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Updated 10:00 AM October 15, 2007




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Older blacks, Latinos still lag behind whites
in controlling blood sugar

Despite decades of advances in diabetes care, blacks and Latinos are still far less likely than whites to have their blood sugar under control, even with the help of medication, a new nationally representative study finds. That puts them at a higher risk of blindness, heart attack, kidney failure, foot amputation and other long-term diabetes complications.

The comprehensive study of middle-aged and older adults, published in the Archives of Internal Medicine, was performed by a team from the University and the VA Ann Arbor Healthcare System.

It is based on recent data from the Health and Retirement Study, a decades-long effort to assess the health of adults over age 50 through regular completion of intensive questionnaires and health examinations.

"The ability to obtain such an important clinical marker on a large national sample is a major step forward in using population surveys to understand health disparities in the older population," says David Weir, director of the study and a research professor at the Institute for Social Research.

The study documents the persistence of strong racial and ethnic disparities in diabetes control that contribute to the much greater impact of diabetes on adult blacks and Latinos. The results suggest that diabetes will continue to disproportionately kill and disable these two ethnic groups for decades to come.

Most notably, two factors were found to account for a sizable portion of the racial and ethnic difference in glucose control: how well patients persist in taking their diabetes medicines regularly and how they respond emotionally to their diagnosis. Medication adherence was a strong factor among black respondents, and Latinos reported much higher levels of distress related to their diabetes than other groups.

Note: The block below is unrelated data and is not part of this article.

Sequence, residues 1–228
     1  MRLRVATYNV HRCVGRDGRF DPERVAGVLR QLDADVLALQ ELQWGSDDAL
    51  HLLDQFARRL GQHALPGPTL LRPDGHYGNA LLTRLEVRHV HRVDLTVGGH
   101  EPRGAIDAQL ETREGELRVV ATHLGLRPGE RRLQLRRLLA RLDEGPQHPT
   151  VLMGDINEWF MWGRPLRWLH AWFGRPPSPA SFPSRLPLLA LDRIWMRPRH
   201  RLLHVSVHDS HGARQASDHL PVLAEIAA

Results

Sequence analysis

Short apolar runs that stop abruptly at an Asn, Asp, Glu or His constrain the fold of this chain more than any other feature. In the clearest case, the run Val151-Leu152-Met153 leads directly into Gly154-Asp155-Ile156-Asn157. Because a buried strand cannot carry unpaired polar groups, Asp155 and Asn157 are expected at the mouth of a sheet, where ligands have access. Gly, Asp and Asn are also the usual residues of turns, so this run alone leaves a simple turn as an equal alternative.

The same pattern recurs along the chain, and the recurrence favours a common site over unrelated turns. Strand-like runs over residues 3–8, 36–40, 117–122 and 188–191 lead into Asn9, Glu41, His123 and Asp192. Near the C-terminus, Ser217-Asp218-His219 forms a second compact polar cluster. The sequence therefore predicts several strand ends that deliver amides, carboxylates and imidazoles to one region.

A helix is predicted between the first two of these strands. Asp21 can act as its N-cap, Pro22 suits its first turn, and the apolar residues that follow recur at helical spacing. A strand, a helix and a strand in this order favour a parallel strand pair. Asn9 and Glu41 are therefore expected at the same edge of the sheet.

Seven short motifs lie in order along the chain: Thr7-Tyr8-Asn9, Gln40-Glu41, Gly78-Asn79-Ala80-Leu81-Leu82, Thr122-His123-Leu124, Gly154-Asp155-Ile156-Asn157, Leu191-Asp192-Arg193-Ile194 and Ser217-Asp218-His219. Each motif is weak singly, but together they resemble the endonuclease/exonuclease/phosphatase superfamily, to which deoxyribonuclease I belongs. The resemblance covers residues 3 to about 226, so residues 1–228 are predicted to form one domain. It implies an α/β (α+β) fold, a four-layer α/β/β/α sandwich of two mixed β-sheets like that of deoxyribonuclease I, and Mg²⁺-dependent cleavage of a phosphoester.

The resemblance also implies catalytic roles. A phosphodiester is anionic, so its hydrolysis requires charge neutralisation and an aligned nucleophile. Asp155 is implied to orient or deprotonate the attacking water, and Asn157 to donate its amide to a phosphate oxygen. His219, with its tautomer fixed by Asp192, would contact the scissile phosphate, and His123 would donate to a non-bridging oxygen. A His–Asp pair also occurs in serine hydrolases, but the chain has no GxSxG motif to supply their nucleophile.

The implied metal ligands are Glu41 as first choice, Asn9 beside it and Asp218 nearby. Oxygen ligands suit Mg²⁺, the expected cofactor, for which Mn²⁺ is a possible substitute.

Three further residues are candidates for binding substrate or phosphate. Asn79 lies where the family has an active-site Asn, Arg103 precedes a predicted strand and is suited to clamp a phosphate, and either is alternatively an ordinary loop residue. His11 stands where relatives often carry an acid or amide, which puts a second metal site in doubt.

"While we were taken aback to see that diabetes control still varies so much by race and ethnicity, we're encouraged that two of the crucial factors are modifiable," says Dr. Michele Heisler, assistant professor of internal medicine and a research scientist at the VA Ann Arbor's Center for Clinical Practice Management Research. "To improve diabetes outcomes, we must do better at supporting all patients in managing their disease through treatment and lifestyle change."

Differences in income and education level — two factors long hypothesized as key determinants of worse diabetes outcomes — did not explain the glucose control differences, researchers found.

"Medication adherence was one of the strongest predictors of glucose control across the board," Heisler says. "By targeting barriers to medication adherence — such as patient-doctor communication about medications, patient trust in health systems, patient confidence that medication actually helps, cost barriers, and other barriers that African-Americans disproportionately face — we can make a difference."

In addition to Heisler and Weir, the study is co-authored by U-M and VA researchers Jessica Faul, Dr. Rodney Hayward, Dr. Kenneth Langa and Dr. Caroline Blaum.

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